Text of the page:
Lonesome Dove, Texas Rangers, and Larry McMurtry (1936.06.03)


For more than fifty years, he has been writing novels—thirty in all, the plots ranging from Old West adventures to small-town comedies to contemporary domestic dramas. Born on the 3rd of June 1936, Larry McMurtry has co-written two other novels and published fourteen books of nonfiction—short memoirs, collections of essays, a travel book, and even biographies of such frontier figures as Crazy Horse—as well as reams of book reviews and essays. He has written or co-written more than forty teleplays and screenplays. As if that were not enough, he has also found time to carry on a fulfilling side profession as a “bookman,” as he likes to call himself, wandering around the country to hunt for rare books and overseeing a huge antiquarian bookstore that he opened in Archer City in the eighties.

Based on his extensive reading of western history, as well as on the stories he had heard his relatives tell on the front porch, McMurtry saw the Old West not as a romantic frontier but as a shatteringly lonely and often barbaric place, where few people found any happiness at all. Now McMurtry set out to prove this, opening his novel with two retired, hard-bitten Texas Rangers in the forlorn border town of Lonesome Dove.

The ex-Rangers, Augustus “Gus” McCrae and Woodrow Call, lead a cattle drive to Montana with a ragtag team of cowpokes, which includes a black cowboy, a bandit turned cook, a piano player with a hole in his stomach, a young widow, a teenager who is Call’s unacknowledged son, and a prostitute. On their journey, the group encounters psychopathic outlaws, vengeful Indians, buffalo hunters, gamblers, scouts, cavalry officers, and backwoodsmen. They endure perilous river crossings, thunderstorms, sandstorms, hailstorms, windstorms, lightning storms, grasshopper storms, stampedes, drought, and a mean bear. There are plenty of shootings and a few impromptu hangings. The prostitute, Lorena, is gang-raped. In the end, after McCrae is mortally wounded by Indians, he asks Call to bury him in a little peach orchard by the Guadalupe River near San Antonio, where he was once in love with a woman. Call dutifully transports his partner’s half-mummified body back to Texas.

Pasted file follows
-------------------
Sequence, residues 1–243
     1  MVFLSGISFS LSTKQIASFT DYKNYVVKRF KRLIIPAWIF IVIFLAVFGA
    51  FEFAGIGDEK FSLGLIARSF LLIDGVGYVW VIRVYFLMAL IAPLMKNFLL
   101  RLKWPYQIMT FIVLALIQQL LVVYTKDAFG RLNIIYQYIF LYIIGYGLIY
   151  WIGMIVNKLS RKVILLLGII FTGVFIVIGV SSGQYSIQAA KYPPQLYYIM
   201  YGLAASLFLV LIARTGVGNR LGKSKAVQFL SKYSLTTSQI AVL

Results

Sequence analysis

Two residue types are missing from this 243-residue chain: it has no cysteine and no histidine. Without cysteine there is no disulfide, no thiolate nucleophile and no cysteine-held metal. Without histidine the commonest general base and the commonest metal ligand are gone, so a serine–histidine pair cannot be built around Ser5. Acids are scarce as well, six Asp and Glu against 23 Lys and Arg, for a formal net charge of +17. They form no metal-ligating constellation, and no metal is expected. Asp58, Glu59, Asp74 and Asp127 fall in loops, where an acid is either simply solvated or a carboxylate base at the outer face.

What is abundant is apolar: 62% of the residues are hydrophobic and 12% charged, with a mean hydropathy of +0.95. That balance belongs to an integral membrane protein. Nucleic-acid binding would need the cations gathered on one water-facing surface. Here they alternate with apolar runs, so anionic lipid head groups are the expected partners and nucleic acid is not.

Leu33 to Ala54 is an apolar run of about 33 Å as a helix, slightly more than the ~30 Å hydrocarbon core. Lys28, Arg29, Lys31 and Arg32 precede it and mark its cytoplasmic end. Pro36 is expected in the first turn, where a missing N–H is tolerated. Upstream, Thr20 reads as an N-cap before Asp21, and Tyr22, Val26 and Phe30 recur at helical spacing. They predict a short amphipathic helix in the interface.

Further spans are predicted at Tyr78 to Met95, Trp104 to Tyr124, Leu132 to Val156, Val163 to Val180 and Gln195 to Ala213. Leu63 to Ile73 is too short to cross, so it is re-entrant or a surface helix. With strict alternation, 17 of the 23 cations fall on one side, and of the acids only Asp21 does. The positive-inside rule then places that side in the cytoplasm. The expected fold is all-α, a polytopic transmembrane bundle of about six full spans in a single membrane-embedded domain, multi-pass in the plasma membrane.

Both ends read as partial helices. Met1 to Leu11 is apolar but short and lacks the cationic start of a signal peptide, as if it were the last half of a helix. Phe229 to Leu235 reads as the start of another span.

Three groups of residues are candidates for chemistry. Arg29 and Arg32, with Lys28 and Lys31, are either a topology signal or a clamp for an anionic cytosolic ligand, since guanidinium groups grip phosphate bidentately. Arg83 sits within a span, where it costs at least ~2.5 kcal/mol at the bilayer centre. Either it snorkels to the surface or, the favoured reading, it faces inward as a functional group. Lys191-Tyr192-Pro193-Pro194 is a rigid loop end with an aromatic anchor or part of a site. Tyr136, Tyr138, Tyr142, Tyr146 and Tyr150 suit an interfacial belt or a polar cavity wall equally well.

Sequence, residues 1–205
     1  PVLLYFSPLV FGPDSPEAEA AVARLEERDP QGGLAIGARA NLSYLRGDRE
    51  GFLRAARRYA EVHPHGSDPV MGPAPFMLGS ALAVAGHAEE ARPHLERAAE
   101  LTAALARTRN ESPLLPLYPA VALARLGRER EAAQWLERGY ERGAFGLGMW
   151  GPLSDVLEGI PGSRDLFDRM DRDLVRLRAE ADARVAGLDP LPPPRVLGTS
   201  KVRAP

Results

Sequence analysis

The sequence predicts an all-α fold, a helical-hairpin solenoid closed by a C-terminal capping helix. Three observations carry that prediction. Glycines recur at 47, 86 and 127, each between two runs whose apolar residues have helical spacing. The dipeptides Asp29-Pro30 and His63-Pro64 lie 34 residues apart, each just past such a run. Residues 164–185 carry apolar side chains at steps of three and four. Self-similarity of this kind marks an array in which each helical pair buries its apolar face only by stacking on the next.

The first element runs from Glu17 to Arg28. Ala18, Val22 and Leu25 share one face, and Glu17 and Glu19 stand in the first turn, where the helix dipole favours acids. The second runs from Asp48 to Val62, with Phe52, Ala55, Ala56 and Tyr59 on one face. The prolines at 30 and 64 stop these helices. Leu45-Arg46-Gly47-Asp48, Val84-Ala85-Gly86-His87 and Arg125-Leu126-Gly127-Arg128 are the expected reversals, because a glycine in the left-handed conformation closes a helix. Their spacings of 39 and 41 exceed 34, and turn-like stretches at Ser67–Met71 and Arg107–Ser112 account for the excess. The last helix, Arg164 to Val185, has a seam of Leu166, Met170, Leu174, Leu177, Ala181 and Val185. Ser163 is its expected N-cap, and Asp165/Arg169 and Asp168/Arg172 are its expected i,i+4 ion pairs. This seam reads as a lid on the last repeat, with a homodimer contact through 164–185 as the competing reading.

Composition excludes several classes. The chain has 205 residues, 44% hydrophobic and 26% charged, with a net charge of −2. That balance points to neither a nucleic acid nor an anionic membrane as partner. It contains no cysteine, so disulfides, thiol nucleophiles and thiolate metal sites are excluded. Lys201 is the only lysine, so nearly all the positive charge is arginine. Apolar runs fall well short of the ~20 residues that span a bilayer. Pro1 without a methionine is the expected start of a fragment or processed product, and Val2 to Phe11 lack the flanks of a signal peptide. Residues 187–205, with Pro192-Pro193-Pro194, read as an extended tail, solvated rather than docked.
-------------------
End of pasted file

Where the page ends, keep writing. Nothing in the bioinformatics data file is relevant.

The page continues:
McMurtry has said he was offered “maybe a ten-thousand-dollar advance” for Lonesome Dove, because his editor was not sure readers would want to buy a western the size of War and Peace.(McMurtry accepted the advance because he wasn’t sure people would want to buy it either.) But when Lonesome Dove was released, in 1985, it grabbed hold of the public’s imagination like no western of its time, selling nearly 300,000 copies in hardcover and more than a million copies in paperback.

Readers raved over McMurtry’s precisely drawn characters, his depictions of place, his ear for frontier idioms, and his action-packed set pieces. They learned lines of dialogue (“The older the violin, the sweeter the music”; “Ride with an outlaw, die with him”; Call’s unforgettable declaration after beating a surly Army scout to a pulp in front of shocked onlookers: “I hate rude behavior in a man. I won’t tolerate it”). And they rejoiced in the details, whether about food eaten on the cattle drive (beans laced with chopped rattlesnake) or, say, medical treatment (a cowboy bitten by an angry horse is given axle grease and turpentine for his wound). For Texans, went one joke, Lonesome Dove had become the third-most-important book in publishing history, right behind the Bible and the Warren Commission report.